The error of fast tracking the Trans Pacific Partnership Agreement
Elon Law Professor David Levine calls for the public release of the Trans Pacific Partnership Agreement, challenges the secret process by which the agreement was created and says "fast track" authority by Congress will result in the exclusion of expert and public input that could improve the international agreement.
Professor Levine's statement follows:
"National media reported yesterday that a Congressional agreement has been reached on so-called 'fast track' authority for the Trans Pacific Partnership Agreement (TPP). This international agreement, having been negotiated under extreme secrecy by 12 countries including the United States, Australia, Canada, Japan, Malaysia and Singapore, is supposed to be an 'ambitious, next-generation, Asia-Pacific trade agreement that reflects U.S. economic priorities and values.' Indeed, if it comes into effect, it will be the largest such agreement in history, covering some 800 million people. Unfortunately, its chances of meeting that laudable goal have been severely diminished by the aforementioned secrecy.
"In theory, 'fast track' authority should allow the President to more thoroughly and forcefully negotiate trade agreements with other governments by streamlining the domestic political process. By eliminating much of Congress’ review and amendment process that could force the TPP negotiators back to the table, 'trade promotion authority' allows for complex international trade agreements to receive a swift and decisive Congressional sign-off. However, because the TPP has been negotiated largely in secret, with only a precious few outside the government (almost exclusively representing the entertainment and pharmaceutical industries) privy to its text, fast track will have the effect of eliminating the last possibility for anyone outside the above select few to change the contours of the agreement. That’s a significant concern, as the TPP (based upon leaks) covers issues ranging from access to medicine to liability for linking to allegedly copyright-infringing content on the Internet. Democracy deserves better.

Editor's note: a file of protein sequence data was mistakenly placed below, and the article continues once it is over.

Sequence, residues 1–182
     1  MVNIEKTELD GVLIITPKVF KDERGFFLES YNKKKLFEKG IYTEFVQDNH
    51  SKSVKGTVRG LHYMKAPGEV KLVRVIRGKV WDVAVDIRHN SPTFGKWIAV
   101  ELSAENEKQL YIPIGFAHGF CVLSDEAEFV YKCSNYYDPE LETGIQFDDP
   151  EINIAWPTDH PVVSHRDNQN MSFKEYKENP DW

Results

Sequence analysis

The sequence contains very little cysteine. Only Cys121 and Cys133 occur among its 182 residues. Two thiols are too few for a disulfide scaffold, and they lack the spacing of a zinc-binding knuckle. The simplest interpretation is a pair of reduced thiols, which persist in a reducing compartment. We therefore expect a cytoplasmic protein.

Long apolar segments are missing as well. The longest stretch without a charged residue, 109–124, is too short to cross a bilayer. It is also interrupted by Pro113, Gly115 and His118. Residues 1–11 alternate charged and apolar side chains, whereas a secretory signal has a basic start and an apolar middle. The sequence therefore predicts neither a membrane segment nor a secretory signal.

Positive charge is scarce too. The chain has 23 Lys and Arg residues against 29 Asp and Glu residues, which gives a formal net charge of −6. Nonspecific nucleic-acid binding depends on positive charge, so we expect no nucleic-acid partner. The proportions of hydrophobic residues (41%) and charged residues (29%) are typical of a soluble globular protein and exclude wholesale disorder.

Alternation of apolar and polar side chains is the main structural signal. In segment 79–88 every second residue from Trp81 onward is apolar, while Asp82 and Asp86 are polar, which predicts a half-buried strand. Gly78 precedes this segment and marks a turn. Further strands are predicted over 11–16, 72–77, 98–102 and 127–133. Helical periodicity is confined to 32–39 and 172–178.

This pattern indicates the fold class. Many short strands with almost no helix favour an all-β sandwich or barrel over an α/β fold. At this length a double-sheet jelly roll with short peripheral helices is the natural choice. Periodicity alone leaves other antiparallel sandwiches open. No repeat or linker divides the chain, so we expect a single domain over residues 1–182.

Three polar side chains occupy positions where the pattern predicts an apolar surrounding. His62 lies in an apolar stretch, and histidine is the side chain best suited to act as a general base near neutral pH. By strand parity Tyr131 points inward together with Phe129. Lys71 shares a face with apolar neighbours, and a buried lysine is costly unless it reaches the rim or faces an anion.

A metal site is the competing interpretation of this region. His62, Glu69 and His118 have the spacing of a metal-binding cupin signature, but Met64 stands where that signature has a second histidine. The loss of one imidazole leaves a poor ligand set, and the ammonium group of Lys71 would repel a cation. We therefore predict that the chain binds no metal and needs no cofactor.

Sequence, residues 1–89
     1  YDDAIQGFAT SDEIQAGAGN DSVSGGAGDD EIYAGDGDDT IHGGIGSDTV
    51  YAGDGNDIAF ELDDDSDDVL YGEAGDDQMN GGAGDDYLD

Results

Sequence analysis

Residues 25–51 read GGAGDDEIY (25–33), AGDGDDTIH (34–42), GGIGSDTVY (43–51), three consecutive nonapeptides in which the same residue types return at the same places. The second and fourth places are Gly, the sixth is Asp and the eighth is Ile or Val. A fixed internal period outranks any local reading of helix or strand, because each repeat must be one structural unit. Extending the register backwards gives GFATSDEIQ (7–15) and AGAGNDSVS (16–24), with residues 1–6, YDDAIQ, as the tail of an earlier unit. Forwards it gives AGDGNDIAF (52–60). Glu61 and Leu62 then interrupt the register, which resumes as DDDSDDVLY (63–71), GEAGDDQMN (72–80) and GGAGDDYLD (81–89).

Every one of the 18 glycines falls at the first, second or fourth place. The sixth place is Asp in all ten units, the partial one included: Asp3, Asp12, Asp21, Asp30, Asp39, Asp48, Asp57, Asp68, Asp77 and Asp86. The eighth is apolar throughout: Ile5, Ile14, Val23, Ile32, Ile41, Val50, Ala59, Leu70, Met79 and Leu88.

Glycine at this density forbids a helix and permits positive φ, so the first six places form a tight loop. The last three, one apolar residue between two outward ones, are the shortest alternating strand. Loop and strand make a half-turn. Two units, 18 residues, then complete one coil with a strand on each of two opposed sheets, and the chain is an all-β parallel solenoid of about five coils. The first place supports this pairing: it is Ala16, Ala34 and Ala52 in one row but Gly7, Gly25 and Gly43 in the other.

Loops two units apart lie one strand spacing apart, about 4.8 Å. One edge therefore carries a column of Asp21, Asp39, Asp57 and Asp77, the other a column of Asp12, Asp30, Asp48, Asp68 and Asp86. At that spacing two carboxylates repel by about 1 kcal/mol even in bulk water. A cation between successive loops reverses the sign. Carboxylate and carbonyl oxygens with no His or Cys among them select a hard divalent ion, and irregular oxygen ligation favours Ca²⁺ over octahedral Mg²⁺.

"To be sure, even without fast track, the chances of realistically being able to change the TPP once it hits Congress would be slim. Requiring negotiators to go back to the table after the TPP text is agreed upon in international negotiations is a significant undertaking that would be discouraged. But with fast track in place, the chances of offering any meaningful amendments to the final text are near zero. As a result, the moment that TPP’s negotiators announce that they have a final text will also be the effective end of the opportunity for small businesses, labor, civil society groups, and even the public generally, to impact the provisions of the agreement. Their only play will be to oppose TPP outright (which, in fairness, some may do regardless of how TPP was negotiated).
"The very secrecy around TPP could be its undoing, as it was with the failed Anti-Counterfeiting Trade Agreement. Therefore, it is well past the time that the negotiators should make the text public. If it isn’t released, and soon, 'fast track' could become a fast track to failure of this multi-year negotiating process – which, depending on the terms of the agreement, could be the right result."
David S. Levine is an Associate Professor of Law at Elon University School of Law and an Affiliate Scholar at the Center for Internet and Society at Stanford Law School (CIS). He is a 2014-2015 Visiting Research Collaborator at Princeton University's Center for Information Technology Policy (CITP). His scholarship, which has been published in several law reviews including Florida, North Carolina and Stanford Online, focuses on the operation of intellectual property law at the intersection of technology and public life, specifically information flows in the lawmaking and regulatory process and intellectual property law's impact on public and private secrecy, transparency and accountability.
Active in policy analysis, he has made presentations to the negotiators at several negotiating rounds for the Trans Pacific Partnership Agreement (TPP), testified before the Library of Congress, co-authored influential law professors’ letters regarding the TPP, Stop Online Piracy Act (SOPA) and the Anti-Counterfeiting Trade Agreement (ACTA), and is a member of the North Carolina Mining and Energy Commission's Protection of Trade Secret and Proprietary Information Study Group that is tasked with writing the state's hydraulic fracturing regulations. Having been interviewed and quoted in many media outlets, from NPR to the Los Angeles Times, he is a recurring contributor to Slate.